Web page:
Diamond is a red grape from New York State, a relatively versatile variety that is used to make both still and sparkling wines, in both sweet and dry styles. It has sufficient organoleptic interest to stand alone in varietal wines but it can also be blended.
A crossing of Concord and Iona (the latter being a hybrid of Vitis vinifera-labrusca parentage), Diamond is visually very similar to Concord, the grape that was instrumental in boosting America's 20th century wine economy. Unfortunately, the variety did not inherit Concord's ability to survive in harsh climates. This probably explains why, despite its endurance (it was originally created in 1855), Diamond has not been planted in nearly as many American vineyards as its more famous parent.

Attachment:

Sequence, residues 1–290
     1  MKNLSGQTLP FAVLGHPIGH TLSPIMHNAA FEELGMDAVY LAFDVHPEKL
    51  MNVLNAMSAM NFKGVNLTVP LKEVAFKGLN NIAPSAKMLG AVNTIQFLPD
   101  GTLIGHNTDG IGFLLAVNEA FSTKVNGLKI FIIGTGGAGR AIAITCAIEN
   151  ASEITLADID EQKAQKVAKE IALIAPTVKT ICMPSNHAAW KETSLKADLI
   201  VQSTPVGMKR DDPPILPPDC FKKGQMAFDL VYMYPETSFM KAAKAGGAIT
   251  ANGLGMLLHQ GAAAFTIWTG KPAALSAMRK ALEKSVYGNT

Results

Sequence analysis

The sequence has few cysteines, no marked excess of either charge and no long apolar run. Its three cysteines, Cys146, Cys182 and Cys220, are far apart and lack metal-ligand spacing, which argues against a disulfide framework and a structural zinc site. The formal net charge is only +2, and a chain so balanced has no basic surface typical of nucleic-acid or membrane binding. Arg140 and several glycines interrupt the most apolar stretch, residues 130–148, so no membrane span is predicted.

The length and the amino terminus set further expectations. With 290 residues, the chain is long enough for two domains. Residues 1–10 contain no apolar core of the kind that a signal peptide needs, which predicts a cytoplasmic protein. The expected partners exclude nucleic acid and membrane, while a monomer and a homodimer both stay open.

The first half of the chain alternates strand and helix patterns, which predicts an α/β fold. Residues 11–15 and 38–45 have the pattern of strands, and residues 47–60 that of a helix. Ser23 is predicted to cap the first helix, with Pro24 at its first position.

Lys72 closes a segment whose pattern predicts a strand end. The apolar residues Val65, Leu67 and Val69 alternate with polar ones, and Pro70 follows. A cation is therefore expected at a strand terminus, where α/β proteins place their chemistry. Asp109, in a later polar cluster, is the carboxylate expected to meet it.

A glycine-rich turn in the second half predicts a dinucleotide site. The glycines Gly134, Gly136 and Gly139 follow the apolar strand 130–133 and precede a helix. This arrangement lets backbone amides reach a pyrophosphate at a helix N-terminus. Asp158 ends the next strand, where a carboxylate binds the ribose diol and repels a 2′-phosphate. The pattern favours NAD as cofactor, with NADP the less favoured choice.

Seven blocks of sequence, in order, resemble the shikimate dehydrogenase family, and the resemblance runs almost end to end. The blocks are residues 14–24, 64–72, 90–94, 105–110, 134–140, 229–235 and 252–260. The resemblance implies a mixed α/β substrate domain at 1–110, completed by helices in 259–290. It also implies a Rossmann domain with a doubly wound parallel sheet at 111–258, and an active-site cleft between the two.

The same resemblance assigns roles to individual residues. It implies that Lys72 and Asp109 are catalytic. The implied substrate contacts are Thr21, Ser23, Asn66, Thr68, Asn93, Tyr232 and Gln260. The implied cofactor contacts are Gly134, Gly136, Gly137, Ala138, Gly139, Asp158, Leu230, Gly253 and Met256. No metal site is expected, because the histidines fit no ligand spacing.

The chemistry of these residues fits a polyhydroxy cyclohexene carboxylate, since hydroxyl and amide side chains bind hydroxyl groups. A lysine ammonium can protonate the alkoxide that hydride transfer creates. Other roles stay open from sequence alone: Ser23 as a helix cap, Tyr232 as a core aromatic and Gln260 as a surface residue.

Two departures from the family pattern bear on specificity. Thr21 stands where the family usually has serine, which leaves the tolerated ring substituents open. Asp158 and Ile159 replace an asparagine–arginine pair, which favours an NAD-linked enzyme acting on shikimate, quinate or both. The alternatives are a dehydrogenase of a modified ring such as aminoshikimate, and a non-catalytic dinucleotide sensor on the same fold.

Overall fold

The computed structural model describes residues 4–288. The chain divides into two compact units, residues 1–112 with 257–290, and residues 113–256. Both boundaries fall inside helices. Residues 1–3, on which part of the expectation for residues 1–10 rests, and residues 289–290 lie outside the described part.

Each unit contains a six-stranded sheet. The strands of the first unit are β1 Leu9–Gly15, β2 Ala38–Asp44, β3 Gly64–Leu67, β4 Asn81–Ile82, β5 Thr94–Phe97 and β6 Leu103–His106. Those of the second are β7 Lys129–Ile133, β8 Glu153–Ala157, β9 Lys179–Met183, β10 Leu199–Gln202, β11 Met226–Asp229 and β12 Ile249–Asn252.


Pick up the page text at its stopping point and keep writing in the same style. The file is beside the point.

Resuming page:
In fact, Diamond has not migrated very far from its home state and all of its key growing areas are within upstate New York. The Finger Lakes AVA is arguably the finest source of Diamond wines, although Lake Erie's vineyards to the west have also produce some good examples of the variety.
Synonyms include: Diamond Blanc, Moore's Diamond.
Related grape varieties include: Concord, Iona.
Food matches include:
Americas: New York-style pizza